Music has a voice

Music-making can mean many things to different people: for some, it can be a form of art that allows an individual freedom of expression; it may mean playing together in an ensemble to build friendships and provide a sense of belonging; and for others, it can be a way to escape the real world. Ultimately, music has a voice and no matter who we are or where we are from we can all enjoy and appreciate it.

Before I joined the team at Orchestras for All, I believed that music has the power to inspire and the ability to cross the boundaries of gender and class, culture and faith to level out differences and unite individuals. After my placement here, I am that even more confident that this is the case. When you see young musicians growing in confidence and passion from the work that OFA provide, you realise just how powerful music is. It may be an unconscious process and we might not be aware of how reliant we are on music. However, when you think about it, music surrounds us everywhere in life. Shops play music to entice us to buy their products, radios use music to define their image, religious groups use music as an act of worship, individuals listen to music to occupy their spare time…the list is endless.

Since music is so important to us, it is a shame that there seem to be so many barriers to music-making, particularly with ensemble playing; such as social-economic backgrounds, location or exclusivity. This is why it is so important to keep organisations such as OFA alive and is one of the reasons I am so pleased to have been able to work here. They are helping those who, for many reasons, and undeservingly do not have the same access to music as others. It is sad we live in a world where many young people miss out on opportunities they deserve. Therefore, providing assistance to those who need it most is crucial and if it comes from people as lovely and supporting as those who work for OFA, you couldn’t really ask for anything better.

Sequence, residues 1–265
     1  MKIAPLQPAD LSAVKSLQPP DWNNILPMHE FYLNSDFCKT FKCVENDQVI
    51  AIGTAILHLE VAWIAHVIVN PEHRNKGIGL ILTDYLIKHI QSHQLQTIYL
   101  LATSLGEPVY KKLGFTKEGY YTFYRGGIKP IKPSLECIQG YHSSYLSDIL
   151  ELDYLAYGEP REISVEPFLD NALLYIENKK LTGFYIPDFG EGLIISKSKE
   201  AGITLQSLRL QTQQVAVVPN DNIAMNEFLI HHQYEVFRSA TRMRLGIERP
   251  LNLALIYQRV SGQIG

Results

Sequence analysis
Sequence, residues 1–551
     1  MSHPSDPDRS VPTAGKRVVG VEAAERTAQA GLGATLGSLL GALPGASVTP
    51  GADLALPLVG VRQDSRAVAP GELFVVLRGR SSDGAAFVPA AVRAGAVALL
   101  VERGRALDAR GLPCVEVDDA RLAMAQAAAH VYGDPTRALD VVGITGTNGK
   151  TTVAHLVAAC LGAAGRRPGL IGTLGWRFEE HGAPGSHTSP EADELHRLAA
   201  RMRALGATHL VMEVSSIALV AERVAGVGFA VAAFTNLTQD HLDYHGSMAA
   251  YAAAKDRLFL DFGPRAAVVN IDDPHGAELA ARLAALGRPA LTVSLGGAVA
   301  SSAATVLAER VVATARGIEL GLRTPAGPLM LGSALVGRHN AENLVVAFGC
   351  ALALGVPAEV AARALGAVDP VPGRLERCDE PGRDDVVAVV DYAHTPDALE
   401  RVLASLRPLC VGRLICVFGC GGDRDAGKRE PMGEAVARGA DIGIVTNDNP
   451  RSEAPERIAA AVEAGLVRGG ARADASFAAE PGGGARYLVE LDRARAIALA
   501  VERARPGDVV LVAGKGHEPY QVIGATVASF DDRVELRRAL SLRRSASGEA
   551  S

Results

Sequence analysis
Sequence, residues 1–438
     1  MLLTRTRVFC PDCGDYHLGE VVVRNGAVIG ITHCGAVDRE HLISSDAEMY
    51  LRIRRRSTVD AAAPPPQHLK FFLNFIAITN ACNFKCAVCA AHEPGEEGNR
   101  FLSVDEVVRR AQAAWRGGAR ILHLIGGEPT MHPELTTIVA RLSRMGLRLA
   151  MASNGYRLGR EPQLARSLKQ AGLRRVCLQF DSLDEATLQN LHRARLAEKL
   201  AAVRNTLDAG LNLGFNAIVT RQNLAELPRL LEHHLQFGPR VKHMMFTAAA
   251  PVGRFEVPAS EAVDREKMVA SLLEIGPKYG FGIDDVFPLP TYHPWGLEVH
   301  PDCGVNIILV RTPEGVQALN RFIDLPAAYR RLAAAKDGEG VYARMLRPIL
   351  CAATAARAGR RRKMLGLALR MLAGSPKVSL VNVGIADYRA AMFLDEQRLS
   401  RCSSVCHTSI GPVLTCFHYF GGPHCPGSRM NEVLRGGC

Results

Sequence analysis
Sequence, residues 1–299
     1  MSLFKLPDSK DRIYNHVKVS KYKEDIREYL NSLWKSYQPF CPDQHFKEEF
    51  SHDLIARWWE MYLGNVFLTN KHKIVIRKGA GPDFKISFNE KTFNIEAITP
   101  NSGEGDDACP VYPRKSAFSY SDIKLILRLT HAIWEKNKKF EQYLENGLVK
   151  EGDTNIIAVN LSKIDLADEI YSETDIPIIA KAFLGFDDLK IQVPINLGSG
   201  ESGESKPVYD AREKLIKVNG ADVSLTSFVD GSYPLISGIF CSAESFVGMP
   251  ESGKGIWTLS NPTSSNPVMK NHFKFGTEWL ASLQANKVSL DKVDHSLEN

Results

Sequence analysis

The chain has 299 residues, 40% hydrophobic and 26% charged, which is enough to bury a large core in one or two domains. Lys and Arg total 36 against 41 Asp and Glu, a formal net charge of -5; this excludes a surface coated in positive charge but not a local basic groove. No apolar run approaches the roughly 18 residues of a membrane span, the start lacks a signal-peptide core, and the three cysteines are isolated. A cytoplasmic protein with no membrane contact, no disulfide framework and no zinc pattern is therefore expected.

If I could give advice to any young person who feels isolated or disheartened for not having the same access to music as others, it would be to not give up. There are people out there who want to help you. You may sometimes need to search a little bit harder than others to find this support, but it is there. And in the end, this will only make you stronger and more passionate as a person. I for one strongly believe that a musician with integrity and musical expression carries more respect than a technically flawless musician who lacks a sense of passion or their own expression.

I have loved my placement here and will really miss some of the special moments that have been created. A big thank you to Marianna and Stuart for putting up with me these last few months and to everybody else who has helped me develop on the way. I am off to Ghana now for a few months to work on using music as a therapeutic tool in order to give those who have started life at a disadvantage the opportunity to develop and grow as a young person. I hope, when I return, I can share my experiences with the team of OFA and come back to help at the residential courses to stay involved in all the great work they do in providing musical opportunities to young musicians.